By Tom Polikalas, Beneficial Electrification League
Valley Electric Association always looks for ways to brighten its communities and help its member-owners save energy and money. Beneficial electrification is one of those ways.
The topic is growing in importance throughout Nevada, the nation and world. It’s a relatively new term in many areas of the country, but it is one VEA CEO Mark Stallons knows from his extensive background in the electric co-op industry.
“The communities we serve and VEA’s members are already benefitting from beneficial electrification in many ways,” Mark says. “Our staff and I are also looking diligently for new opportunities to help expand these benefits. Getting good information to our members is an important first step.”
What is beneficial electrification? It is the act of replacing direct fossil fuel use, such as propane, natural gas and gasoline, with electricity in a way that reduces emissions and energy costs.
The nonprofit Beneficial Electrification League brings together diverse organizations across the country to help members save money on their energy bills, improve the economy and help achieve environmental goals through beneficial electrification.
“We can often heat our homes, businesses, schools and other government buildings more economically using cost-effective technologies, such as heat pumps,” Keith explains. “We can transition our transportation systems—cars, school buses, long-haul trucking and rail—to run on clean electricity, the cheapest fuel available. Increasing the use of electricity in these ways will save money, reduce pollution and produce other beneficial results.”
According to the Beneficial Electrification League, beneficial electrification includes the application of electricity to end-uses where doing so satisfies at least one of the following conditions, without adversely affecting the others:
- Saves consumers money over time.
- Benefits the environment and reduces greenhouse gas emissions.
- Improves product quality or consumer quality of life.
- Fosters a more robust and resilient grid.
“Many VEA members are already ahead of the curve on beneficial electrification,” Mark says. “Heat pumps for heating and cooling homes are the standard practice of builders in our service territory. Pahrump High School was a pioneer among Nevada schools in the use of ground-coupled heat pumps. Our school districts are looking into electric school buses. Other members have bought or are looking to buy electric cars.”
Mark notes that in the middle of the day, the electric power provided by VEA is largely generated by renewable energy, making the use of electricity even more environmentally benign than in other parts of the country.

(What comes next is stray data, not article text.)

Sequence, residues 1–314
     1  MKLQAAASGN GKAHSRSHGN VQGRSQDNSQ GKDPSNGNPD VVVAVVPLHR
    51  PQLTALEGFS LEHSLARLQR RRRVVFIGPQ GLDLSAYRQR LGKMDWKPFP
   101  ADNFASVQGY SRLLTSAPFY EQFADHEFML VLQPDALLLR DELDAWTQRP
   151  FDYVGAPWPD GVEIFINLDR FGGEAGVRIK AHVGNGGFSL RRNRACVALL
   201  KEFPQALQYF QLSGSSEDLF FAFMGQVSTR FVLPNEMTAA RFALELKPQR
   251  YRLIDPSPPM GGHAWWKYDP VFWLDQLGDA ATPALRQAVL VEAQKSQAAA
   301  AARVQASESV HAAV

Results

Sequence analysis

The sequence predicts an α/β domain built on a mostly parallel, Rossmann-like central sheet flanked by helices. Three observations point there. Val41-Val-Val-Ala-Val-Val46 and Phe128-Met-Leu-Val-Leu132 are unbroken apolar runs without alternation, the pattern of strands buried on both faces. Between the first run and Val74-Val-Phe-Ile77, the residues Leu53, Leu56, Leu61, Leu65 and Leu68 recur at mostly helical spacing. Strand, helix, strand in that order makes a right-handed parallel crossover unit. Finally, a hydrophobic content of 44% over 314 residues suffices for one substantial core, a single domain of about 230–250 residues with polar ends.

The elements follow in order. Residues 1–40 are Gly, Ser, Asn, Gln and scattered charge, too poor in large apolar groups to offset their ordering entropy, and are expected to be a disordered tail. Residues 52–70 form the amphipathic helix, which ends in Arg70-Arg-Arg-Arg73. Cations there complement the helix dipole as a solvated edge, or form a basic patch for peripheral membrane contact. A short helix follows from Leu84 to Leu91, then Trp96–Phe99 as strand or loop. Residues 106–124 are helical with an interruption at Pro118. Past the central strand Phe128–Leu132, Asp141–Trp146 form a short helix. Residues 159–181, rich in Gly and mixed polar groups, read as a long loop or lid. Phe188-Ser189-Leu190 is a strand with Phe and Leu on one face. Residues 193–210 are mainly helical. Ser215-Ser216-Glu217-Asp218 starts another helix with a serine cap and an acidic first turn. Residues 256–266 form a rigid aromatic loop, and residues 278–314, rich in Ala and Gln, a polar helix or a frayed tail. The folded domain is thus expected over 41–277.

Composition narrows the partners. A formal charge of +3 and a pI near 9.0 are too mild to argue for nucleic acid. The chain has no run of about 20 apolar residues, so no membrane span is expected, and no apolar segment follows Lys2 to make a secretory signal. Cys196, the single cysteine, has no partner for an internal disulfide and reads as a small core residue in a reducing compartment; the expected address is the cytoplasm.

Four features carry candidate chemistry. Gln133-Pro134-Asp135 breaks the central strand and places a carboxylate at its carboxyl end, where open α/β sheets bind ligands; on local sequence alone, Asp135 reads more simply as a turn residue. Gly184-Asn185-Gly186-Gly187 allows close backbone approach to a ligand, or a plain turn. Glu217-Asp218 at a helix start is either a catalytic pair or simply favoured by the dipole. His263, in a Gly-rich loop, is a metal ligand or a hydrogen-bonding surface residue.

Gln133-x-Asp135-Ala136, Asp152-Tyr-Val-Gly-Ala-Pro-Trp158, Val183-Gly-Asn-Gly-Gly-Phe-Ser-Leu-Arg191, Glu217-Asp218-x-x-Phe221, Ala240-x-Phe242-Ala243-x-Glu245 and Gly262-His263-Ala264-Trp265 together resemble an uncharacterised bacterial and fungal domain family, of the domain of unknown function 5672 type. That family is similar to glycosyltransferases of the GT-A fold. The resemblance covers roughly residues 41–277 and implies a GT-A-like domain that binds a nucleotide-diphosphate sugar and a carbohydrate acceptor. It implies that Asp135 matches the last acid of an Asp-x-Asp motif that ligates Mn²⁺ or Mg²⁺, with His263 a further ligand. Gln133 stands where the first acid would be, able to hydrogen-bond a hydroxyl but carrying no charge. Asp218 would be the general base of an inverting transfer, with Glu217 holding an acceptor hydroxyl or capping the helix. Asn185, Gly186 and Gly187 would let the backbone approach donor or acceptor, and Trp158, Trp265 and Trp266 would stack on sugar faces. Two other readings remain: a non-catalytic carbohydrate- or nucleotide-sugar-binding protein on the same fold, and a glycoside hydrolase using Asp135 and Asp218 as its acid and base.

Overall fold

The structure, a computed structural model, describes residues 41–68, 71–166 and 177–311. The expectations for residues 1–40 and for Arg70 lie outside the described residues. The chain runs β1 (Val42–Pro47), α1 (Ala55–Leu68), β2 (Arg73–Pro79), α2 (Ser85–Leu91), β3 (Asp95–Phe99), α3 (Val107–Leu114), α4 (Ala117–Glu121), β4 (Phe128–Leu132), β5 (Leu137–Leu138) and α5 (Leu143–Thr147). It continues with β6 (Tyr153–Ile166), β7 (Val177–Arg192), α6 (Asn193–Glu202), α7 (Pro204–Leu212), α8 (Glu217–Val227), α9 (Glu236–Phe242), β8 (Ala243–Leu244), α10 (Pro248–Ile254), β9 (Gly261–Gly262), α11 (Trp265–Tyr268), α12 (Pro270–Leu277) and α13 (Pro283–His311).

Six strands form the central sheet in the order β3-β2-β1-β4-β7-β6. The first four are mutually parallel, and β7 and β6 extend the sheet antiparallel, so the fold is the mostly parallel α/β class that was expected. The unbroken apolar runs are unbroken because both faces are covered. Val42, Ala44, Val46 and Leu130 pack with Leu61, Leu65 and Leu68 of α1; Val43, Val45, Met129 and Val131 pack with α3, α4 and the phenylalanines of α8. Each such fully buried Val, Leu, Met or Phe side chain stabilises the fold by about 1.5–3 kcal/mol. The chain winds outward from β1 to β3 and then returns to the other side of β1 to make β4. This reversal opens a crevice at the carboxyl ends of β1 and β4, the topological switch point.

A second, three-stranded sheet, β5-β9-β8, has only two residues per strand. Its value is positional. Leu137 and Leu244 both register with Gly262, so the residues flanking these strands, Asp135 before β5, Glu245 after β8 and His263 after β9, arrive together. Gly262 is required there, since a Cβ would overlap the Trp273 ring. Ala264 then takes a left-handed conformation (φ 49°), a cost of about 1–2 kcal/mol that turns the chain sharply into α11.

“Members participating in VEA’s Community Solar Array and SolPower residential PV program are also running their appliances, heat pumps and other electric end uses on clean locally produced power—a contribution to local, sustainable economic development—and further reducing emissions,” Mark says.
Mark and Keith agree technology is a key driver making beneficial electrification increasingly viable and compelling. Advances during the past decade have improved performance and reduced costs of owning and operating electric appliances, electric heating and cooling systems, electric vehicles and other products, ranging from electric lawn mowers to electric farming and mining equipment.
“There’s a lot of research and work underway by the U.S. Department of Energy and major manufacturers that we expect will produce even more cost-effective products in the near future,” Keith says.
President Biden signed The Investment in Infrastructure and Jobs Act into law in mid-November, providing funding for the following array of programs that can accelerate beneficial electrification:
- $550 million in new funding for the Energy Efficiency and Conservation Block Grant Program, which can help cities pursue beneficial electrification projects.
- $500 million of new funding for schools for energy-efficiency and renewable energy improvements at facilities.
- $5 billion through the U.S Environmental Protection Agency to replace thousands of polluting diesel school buses with electric and low-emission school buses.
The intersection of improved technologies and additional funding will provide opportunities for homeowners, businesses, schools and governments to save energy and money, generate additional economic benefits, reduce emissions, and enable a more efficient and resilient electric grid.
Helping electric cooperatives such as VEA seize those opportunities is part of the core mission of the Beneficial Electrification League.
“We look forward to working with VEA to provide more information to its members and facilitating stakeholder communication and collaboration throughout Nevada,” Keith says. “The future is electrifying.”
The Beneficial Electrification League will coordinate a stakeholder forum in Nevada on several topics related to beneficial electrification. To be added to the notification list, email Tom Polikalas at firstname.lastname@example.org. For more information about the organization, visit be-league.com.